11 Page 8 of Equipment Calibration and Maintenance All field equipment must be checked out by staff from the Bureau's Equipment and Supply Technician. The individual users of field equipment are responsible for the maintenance (in accordance with manufacturer's procedural manuals and/or SOPs) of the equipment while being used in field operations. The user should ensure the equipment is checked for proper operation and is current with calibration requirements (if needed) prior to leaving for the field. The user should record any malfunctions encountered while in the field in the logbook associated with the equipment. The user should make sure the malfunctions are communicated to the Unit Leader and the Bureau's Equipment and Supply Technician upon return of the equipment to storage so that appropriate action can be initiated to repair the item of equipment, or initiate actions (e.g., prepare a Purchase Requests or Purchase Acquisitions) to have the equipment repaired upon return from the field Quality Control Blanks and Spikes Quality control procedures must be taken by field staff to ensure the integrity of the samples collected. Without checks on the sampling and analytical procedures, the potential exists for contradictory or incorrect results. Procedures describing quality control samples are defined in BER-12 or are included in site specific QAPPs. 4.7 Corrective Action Procedures In the context of QA, Dry Cleaning Program corrective actions are procedures that may be implemented on environmental samples that do not meet predetermined QA specifications. In general, the corrective action procedures program addresses the analysis of any cause precipitating a negative audit finding and identifies the appropriate corrective action(s) necessary to address it. Program staff, or the appropriate QA/QC program designee, are responsible for reviewing data validation reports, audit reports and nonconformance reports to identify significant or repetitious conditions adverse to quality, or deficiencies regarding the implementation or adherence to required QA practices. In addition, the program staff, or QA/QC designee, is required to investigate the source(s) of the problem and is responsible for defining and/or implementing the necessary actions to remedy the problem. The quality characteristics of data generated by sampling, monitoring, or analyzing, is defined in the following terms: Precision: A measure of mutual agreement among individual measurements of the same property, usually under prescribed similar conditions. Precision is best expressed in terms of the standard deviation. Various measures of precision exist depending on the prescribed similar conditions. Completeness: A measure of the amount of valid data obtained from a measurement system, compared with the amount needed to obtain the project data quality objectives. Representativeness: The degree to which data accurately and precisely represent a characteristic of the population, the parameter variations at a sampling point, a process condition, or an environmental condition. It also includes how well the sampling point represents the parameter variations that are under study.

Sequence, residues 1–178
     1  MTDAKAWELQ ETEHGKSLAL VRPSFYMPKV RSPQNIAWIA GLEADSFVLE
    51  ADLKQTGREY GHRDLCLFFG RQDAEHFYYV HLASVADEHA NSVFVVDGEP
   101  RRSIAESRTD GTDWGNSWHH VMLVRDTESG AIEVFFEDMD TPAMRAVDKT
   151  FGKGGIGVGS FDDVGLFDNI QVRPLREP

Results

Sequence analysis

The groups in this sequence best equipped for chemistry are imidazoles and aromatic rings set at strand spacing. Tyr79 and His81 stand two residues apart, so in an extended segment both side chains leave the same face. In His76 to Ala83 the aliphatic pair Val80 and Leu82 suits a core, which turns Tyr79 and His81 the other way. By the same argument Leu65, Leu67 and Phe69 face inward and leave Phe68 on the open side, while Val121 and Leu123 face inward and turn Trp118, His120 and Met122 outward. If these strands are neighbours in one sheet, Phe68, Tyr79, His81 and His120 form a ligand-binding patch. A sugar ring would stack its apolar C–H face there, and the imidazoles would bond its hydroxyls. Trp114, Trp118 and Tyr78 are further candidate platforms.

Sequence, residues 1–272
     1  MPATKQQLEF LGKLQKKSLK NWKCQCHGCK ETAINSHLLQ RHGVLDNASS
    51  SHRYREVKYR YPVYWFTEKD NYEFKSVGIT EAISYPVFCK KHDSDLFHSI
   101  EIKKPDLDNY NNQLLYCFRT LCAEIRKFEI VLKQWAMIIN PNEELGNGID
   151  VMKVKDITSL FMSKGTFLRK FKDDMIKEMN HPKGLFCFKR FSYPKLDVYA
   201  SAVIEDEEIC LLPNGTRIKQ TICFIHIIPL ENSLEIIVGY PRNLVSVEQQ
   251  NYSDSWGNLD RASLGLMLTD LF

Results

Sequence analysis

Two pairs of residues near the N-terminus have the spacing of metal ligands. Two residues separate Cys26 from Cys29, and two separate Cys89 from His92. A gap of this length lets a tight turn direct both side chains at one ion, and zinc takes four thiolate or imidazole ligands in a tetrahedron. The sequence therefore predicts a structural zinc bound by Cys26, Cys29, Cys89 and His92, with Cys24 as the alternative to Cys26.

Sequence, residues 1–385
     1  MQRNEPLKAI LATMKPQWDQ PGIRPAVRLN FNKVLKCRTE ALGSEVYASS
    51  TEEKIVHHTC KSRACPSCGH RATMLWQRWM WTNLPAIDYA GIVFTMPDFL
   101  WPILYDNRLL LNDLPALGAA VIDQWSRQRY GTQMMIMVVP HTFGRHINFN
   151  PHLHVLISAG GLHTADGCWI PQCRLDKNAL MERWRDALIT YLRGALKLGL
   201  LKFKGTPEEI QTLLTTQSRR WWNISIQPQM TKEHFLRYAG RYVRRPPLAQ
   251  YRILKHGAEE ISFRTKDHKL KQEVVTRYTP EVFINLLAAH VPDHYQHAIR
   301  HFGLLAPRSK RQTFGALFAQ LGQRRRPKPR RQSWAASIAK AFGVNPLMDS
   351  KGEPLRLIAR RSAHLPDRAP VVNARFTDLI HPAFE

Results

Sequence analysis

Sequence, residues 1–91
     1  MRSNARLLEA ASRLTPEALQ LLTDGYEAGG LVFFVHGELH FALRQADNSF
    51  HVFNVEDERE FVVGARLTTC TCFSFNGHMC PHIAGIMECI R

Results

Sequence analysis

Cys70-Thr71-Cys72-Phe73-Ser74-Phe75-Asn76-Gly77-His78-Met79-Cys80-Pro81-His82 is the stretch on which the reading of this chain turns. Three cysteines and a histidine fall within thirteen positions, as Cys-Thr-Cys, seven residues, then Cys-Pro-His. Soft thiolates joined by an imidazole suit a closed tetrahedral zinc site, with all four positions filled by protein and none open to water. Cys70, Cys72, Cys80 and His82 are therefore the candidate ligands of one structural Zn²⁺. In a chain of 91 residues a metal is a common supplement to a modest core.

12 Page 9 of 9 Comparability: The confidence with which one data set can be compared with another; a qualitative characteristic that must be assured in terms of sampling, analysis, reporting, etc. The exact values of the quality characteristics will vary depending upon the analytical processes and procedures employed. Site-specific work plans will detail the recommended field activities and analytical methodologies necessary to establish the appropriate data quality characteristics. Corrective actions may include re-sampling, re-analyzing samples, or auditing laboratory procedures. 4.8 Data Management All work plans submitted in association with the Dry Cleaning Program require a data management system. The system should include field logs, sample management and tracking procedures, and document control and inventory procedures for both laboratory data and field measurements. The system should ensure that the data collected during the investigation are of adequate quality and quantity to support the findings of the investigation, risk assessment (if performed), and corrective action research. For each measurement, the data reduction scheme planned for collected data, including all equations used to calculate the concentration or value of the measured parameter, should be described. The principal criteria employed to validate the integrity of the data during collection and reporting should be referenced. All data collected should be validated by the appropriate level of laboratory quality control to ascertain whether it is appropriate for its intended use. All task management and quality controls implemented shall be documented within the appropriate report appendix. 4.9 Quality Assurance/Control Reporting Procedures All reports or deliverables submitted through the Dry Cleaning Program require a QA/QC status summary of the project and any conditions adverse to the quality. The report should contain an assessment of measurement data accuracy, precision and completeness, results of any performance audits, results of system audits, any reported non-conformance, and any QA problems, together with recommended solutions or corrective actions.